Scientists Study Elapid Snakebites in Horses

If diagnosed and treated promptly and properly, survival rates can be quite high for equine elapid snakebite patients.
Share
Favorite
Close

No account yet? Register

ADVERTISEMENT

Scientists Study Elapid Snakebites in Horses
Researchers found that 86% of 49 horses that received antivenom survived. | Photo Credit: Anne M. Eberhardt/The Horse
A bite from an elapid snake (a family of venomous snakes that includes the deadly cobra, tiger snake, and mamba) can be a scary reality for owners of horses living in areas these reptiles reside. However, researchers from the University of Melbourne, in Australia, have determined that, if a veterinarian makes the right diagnosis based on clinical signs and administers antivenom promptly, survival rates can be quite high for equine snakebite patients.

The research team’s recent study was the first in which scientists looked at the clinical signs of elapid snake envenomation in a large population of horses. The team also evaluated laboratory findings, treatments, and outcomes from 52 elapid snake envenomation cases from several universities and private veterinary practices from 2006 to 2016.

Snakebite wounds aren’t always apparent, but affected horses often exhibit signs of envenomation. The researchers found that 94% of cases developed signs of neurotoxicity, typically characterized by neuromuscular weakness. Other associated neurologic signs included unsteady movement, muscle tremors, the inability to stand, pupil dilation (mydriasis), eyelid drooping (ptosis), and partial tongue paralysis. In addition, 50% and 19% of horses developed rhabdomyolysis (muscle damage) and hemolysis (red blood cell damage), respectively.

These clinical signs are quite different from those reported for crotalid (pit vipers, including rattlesnakes) snakebites, the team noted. Those signs can include, but aren’t limited to, pain and swelling at the bite site, tissue sloughing near the bite, coagulopathy and hemorrhage, respiratory distress, shock, collapse, and death

Create a free account with TheHorse.com to view this content.

TheHorse.com is home to thousands of free articles about horse health care. In order to access some of our exclusive free content, you must be signed into TheHorse.com.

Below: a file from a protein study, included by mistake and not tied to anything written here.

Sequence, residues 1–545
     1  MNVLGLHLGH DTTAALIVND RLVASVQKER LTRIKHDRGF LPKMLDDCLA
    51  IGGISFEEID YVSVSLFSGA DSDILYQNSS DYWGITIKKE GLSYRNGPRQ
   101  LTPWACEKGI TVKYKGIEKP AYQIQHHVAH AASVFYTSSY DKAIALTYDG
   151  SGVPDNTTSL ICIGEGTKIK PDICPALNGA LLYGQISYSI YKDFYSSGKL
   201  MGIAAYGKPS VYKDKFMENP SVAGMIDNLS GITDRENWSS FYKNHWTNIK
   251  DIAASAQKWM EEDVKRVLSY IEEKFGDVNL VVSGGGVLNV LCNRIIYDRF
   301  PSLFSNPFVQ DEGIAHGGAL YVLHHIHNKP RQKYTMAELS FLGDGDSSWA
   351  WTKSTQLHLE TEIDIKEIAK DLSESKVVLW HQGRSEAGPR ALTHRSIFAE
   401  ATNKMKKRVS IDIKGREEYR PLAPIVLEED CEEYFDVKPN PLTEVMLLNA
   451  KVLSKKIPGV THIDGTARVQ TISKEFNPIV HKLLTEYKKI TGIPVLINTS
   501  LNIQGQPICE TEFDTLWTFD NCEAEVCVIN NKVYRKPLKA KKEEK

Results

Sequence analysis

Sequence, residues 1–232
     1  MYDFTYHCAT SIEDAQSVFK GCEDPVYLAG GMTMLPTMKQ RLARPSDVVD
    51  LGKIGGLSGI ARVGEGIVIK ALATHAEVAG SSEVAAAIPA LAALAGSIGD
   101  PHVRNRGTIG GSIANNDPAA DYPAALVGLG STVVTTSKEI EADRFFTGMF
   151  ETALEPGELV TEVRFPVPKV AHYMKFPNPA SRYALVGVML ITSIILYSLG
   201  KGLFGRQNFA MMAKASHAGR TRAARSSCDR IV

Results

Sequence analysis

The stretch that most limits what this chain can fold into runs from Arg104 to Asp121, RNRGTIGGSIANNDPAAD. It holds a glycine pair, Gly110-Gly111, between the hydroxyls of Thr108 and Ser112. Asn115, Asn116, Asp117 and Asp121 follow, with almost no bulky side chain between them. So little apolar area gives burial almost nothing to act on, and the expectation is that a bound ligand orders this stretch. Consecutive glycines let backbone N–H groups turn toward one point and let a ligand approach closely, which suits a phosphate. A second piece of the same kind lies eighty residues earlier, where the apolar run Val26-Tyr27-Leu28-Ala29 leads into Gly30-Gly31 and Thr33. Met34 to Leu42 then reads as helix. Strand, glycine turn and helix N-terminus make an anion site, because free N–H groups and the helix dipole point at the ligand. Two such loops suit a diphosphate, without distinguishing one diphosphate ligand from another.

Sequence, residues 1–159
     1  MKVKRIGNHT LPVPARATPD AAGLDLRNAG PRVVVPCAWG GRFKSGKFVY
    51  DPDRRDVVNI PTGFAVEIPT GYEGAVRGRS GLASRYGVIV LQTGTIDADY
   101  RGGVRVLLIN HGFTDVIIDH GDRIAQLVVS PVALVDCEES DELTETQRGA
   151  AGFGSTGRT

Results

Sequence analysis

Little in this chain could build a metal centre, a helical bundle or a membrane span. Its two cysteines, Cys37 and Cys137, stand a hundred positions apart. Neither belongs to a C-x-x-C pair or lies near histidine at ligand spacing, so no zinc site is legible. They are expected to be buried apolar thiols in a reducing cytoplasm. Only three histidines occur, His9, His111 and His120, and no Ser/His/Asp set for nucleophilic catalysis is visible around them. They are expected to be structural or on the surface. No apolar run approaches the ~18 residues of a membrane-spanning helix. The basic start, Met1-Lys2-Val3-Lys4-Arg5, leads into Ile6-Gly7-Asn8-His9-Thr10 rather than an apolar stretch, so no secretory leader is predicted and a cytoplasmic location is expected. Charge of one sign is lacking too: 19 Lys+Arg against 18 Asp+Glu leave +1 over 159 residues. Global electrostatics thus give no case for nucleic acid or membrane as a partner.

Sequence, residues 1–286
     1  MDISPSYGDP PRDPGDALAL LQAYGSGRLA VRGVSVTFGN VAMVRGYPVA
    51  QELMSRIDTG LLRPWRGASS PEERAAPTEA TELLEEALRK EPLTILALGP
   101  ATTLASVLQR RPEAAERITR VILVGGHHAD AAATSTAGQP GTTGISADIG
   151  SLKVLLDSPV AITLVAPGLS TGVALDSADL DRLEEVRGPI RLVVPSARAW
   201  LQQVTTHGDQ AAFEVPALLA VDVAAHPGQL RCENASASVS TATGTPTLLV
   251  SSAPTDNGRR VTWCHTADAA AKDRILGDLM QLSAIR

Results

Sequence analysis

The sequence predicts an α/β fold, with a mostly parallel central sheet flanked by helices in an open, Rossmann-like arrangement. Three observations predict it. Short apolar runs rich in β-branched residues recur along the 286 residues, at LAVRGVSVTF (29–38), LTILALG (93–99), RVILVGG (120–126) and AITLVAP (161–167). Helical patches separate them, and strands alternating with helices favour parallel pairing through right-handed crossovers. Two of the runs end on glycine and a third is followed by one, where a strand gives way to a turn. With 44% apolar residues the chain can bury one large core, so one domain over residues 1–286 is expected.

Start your free account today!

Already have an account?
and continue reading.

Share

Written by:

Sarah Evers Conrad has a bachelor’s of arts in journalism and equine science from Western Kentucky University. As a lifelong horse lover and equestrian, Conrad started her career at The Horse: Your Guide to Equine Health Care magazine. She has also worked for the United States Equestrian Federation as the managing editor of Equestrian magazine and director of e-communications and served as content manager/travel writer for a Caribbean travel agency. When she isn’t freelancing, Conrad spends her free time enjoying her family, reading, practicing photography, traveling, crocheting, and being around animals in her Lexington, Kentucky, home.

Related Articles

Stay on top of the most recent Horse Health news with

FREE weekly newsletters from TheHorse.com

Sponsored Content

Weekly Poll

sponsored by:

Where do you go to find information on pituitary pars intermedia dysfunction (PPID)? Select all that apply.
21 votes · 32 answers

Readers’ Most Popular

Sign In

Don’t have an account? Register for a FREE account here.

Need to update your account?

You need to be logged in to fill out this form

Create a free account with TheHorse.com!